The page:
Last week it was discovered that when Google search engine users typed, “What is Mormonism?” into the search box, the answer provided was this:
“Mormonism is a religion that denies the deity of Jesus Christ. In this religion, He is demoted to being a mere mortal, a true offspring of Elohim and an equal to Lucifer, another of Elohim’s offspring. According to the Mormon doctrine: ‘Every man who reigns in celestial glory is a god to his dominions.’ “
As you can imagine, Mormons were unhappy about this and felt the answer was a misrepresentation of Mormon doctrine. So Latter-day Saints lobbied for a more accurate answer to the question. Their campaign resulted in a significant change. As reported by Deseret News, the new Google result for “What is Mormonism?” became:
“The doctrines and practices of the Mormon church based on the Book of Mormon.”
As far as I know, Mormons are not protesting this answer – even though it is no more accurate than the initial one quoted above. The problem with the new and improved answer is that the doctrines and practices of the Mormon Church are not based on the Book of Mormon.
For example, take a look at the Mormon Church’s teachings on the nature of God:
- Mormonism says that there was a time when God the Father was not God, but was a mortal man moving toward godhood.
- Mormonism says God the Father, in His current exalted state, has a body of flesh and bone.
- Mormonism says that the God we human beings know is not the only God; He is one of many true Gods (but the only one we need to deal with).
- Mormonism says that God the Father is the literal offspring of another God (who was the offspring of yet another God, etc.).
None of these foundational LDS teachings on the nature of God is found in the Book of Mormon. In fact, the Book of Mormon teaches that God has always been God, that God is a spirit being, and that there is only one true God. Mormonism’s doctrines on God are not based on the Book of Mormon.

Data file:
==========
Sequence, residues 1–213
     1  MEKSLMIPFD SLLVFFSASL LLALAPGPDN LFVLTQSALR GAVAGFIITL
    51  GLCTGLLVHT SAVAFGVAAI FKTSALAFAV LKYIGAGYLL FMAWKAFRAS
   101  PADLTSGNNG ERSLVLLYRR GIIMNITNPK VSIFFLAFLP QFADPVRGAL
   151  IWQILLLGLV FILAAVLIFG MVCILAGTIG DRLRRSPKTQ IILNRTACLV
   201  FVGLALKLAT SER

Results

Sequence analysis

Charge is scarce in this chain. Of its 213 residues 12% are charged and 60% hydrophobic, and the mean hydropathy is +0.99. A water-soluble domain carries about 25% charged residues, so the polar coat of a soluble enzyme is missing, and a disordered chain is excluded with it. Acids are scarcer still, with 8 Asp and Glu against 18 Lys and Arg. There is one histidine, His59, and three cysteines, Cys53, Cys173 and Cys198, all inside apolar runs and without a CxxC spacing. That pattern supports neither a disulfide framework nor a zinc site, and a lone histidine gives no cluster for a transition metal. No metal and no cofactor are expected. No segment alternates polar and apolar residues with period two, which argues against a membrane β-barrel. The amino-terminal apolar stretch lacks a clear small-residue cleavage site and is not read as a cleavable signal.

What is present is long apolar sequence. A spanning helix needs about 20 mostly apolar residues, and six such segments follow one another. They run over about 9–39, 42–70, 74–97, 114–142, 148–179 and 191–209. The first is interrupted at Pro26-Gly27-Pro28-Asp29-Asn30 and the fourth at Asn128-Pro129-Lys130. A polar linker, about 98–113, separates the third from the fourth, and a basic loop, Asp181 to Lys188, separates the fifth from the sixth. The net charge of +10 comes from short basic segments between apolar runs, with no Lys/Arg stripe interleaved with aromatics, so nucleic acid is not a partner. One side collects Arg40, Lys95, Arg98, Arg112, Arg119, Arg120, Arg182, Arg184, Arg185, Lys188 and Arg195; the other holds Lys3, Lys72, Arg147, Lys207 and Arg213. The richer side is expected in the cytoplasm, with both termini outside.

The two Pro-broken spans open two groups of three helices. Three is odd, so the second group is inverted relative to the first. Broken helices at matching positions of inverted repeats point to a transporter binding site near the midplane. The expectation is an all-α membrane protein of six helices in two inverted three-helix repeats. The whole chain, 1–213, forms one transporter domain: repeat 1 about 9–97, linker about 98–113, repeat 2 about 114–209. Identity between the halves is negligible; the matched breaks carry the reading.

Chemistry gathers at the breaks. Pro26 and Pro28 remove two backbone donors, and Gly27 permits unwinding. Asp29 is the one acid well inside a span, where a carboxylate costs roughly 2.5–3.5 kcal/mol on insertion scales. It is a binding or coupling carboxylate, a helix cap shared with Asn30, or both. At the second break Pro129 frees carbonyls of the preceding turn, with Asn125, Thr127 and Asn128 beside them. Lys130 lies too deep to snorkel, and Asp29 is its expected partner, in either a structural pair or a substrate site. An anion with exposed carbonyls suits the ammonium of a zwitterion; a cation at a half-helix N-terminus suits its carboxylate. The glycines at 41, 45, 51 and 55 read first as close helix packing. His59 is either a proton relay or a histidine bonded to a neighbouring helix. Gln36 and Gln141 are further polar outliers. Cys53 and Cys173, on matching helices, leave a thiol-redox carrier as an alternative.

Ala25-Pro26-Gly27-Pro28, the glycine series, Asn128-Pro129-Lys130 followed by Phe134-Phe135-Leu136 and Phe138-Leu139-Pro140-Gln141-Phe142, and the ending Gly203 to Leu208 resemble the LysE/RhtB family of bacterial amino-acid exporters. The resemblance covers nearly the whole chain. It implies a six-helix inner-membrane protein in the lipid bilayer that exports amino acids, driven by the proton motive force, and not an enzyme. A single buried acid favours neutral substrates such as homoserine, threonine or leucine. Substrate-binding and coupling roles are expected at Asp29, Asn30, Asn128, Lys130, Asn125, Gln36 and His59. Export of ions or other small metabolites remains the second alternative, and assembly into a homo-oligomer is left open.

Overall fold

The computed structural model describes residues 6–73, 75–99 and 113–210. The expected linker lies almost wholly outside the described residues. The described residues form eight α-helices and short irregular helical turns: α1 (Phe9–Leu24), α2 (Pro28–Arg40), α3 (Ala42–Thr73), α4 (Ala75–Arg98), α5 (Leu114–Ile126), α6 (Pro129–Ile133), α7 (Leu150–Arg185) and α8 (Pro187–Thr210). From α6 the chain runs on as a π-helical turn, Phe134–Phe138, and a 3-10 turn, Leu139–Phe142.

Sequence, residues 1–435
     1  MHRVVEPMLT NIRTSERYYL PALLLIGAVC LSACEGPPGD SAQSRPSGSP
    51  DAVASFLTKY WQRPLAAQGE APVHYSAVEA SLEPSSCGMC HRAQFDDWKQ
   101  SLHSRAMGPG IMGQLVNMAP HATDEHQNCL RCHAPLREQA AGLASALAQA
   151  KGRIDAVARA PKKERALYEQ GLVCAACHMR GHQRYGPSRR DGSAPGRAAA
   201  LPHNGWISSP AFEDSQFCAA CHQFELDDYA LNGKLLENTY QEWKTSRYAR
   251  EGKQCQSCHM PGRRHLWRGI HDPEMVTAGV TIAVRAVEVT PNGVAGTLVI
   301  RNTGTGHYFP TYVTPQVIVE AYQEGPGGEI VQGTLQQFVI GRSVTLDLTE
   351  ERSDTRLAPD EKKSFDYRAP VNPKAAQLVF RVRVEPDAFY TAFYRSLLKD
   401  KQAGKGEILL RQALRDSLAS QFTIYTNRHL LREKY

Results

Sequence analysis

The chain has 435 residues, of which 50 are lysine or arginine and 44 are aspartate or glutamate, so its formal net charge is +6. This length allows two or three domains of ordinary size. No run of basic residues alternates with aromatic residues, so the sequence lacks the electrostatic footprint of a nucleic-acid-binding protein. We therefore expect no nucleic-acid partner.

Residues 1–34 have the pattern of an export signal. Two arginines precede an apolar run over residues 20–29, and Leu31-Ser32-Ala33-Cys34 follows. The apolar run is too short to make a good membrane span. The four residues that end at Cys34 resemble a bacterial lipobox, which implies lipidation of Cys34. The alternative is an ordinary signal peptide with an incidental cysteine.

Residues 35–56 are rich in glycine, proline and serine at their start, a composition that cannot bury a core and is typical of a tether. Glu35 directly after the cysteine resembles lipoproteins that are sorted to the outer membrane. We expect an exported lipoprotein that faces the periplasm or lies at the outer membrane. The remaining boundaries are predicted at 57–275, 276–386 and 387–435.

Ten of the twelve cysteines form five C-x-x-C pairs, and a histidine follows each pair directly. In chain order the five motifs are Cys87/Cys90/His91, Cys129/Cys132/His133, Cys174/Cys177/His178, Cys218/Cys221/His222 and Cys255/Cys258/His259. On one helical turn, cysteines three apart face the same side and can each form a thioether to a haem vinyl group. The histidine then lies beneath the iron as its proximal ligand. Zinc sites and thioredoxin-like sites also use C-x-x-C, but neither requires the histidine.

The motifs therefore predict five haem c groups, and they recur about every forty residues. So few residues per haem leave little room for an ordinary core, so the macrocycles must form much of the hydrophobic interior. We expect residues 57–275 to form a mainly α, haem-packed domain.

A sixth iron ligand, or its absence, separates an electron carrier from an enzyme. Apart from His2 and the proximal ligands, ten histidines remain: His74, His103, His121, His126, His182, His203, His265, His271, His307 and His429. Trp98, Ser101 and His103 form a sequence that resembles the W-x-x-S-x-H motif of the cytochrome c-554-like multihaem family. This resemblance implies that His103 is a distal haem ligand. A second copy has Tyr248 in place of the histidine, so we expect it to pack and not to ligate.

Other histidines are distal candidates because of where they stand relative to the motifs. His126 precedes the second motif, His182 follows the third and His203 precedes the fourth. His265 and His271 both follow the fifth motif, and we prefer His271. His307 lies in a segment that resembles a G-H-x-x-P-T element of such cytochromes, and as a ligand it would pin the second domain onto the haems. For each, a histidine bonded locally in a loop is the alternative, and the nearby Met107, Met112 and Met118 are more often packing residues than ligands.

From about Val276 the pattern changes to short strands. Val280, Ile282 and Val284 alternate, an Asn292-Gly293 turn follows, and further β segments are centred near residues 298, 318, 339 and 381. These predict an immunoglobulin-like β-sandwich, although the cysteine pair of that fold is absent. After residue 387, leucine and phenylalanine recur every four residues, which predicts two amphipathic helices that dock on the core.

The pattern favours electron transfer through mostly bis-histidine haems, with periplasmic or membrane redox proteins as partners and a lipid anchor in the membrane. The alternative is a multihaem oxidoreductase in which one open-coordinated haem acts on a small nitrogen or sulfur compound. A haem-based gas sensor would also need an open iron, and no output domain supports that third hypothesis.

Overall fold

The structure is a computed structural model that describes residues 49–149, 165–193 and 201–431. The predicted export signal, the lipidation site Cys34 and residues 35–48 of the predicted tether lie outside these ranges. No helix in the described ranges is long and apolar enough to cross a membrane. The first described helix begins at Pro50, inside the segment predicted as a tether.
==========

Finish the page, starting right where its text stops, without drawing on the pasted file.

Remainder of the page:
What about Mormonism’s “practices”? Consider these basic practices that are very important within the Mormon Church:
- Mormonism says that temple participation is essential to attaining exaltation.
- Mormonism says vicarious baptism for the dead is necessary for those who died without the benefit of LDS baptism.
- Mormonism places great significance in granting all worthy males the Aaronic and Melchizedek priesthoods.
- Mormonism says God disapproves of people drinking coffee and tea.
- Mormonism says that God wants people to continually wear protective “garments of the Holy Priesthood” which are given to them in Mormon temples.
None of these basic LDS practices are found in the Book of Mormon – the book is silent on all of these things. Many of Mormonism’s key practices, therefore, are not based on the Book of Mormon.
So to say Mormonism is “The doctrines and practices of the Mormon church based on the Book of Mormon” is incorrect. But Mormonism is a complex system, difficult to define in a sentence or two. On MRM’s A-Z webpage we avoid defining Mormonism and stick with merely identifying it: The religion of The Church of Jesus Christ of Latter-day Saints. Of course, we devote most of the rest of the website to providing defining details of what comprises this religion.
Yet I believe there is value in giving interested people a short, accurate, defining answer to the question, “What is Mormonism?” But it’s much easier said than done. I tried, and though my definition is short and accurate, I’m not convinced it couldn’t be better:
Mormonism: A pseudo-Christian religion founded by Joseph Smith in 1830 and continually modified by successive Mormon leaders. Asserting that the Bible was corrupted and all of Christianity apostatized following the deaths of the biblical apostles, Mormonism’s teachings deviate significantly from the central doctrines of biblical Christianity.
There’s probably not one accurate definition that would make everyone happy, but why don’t you give it a shot? What short, defining answer to “What is Mormonism?” would make you happy?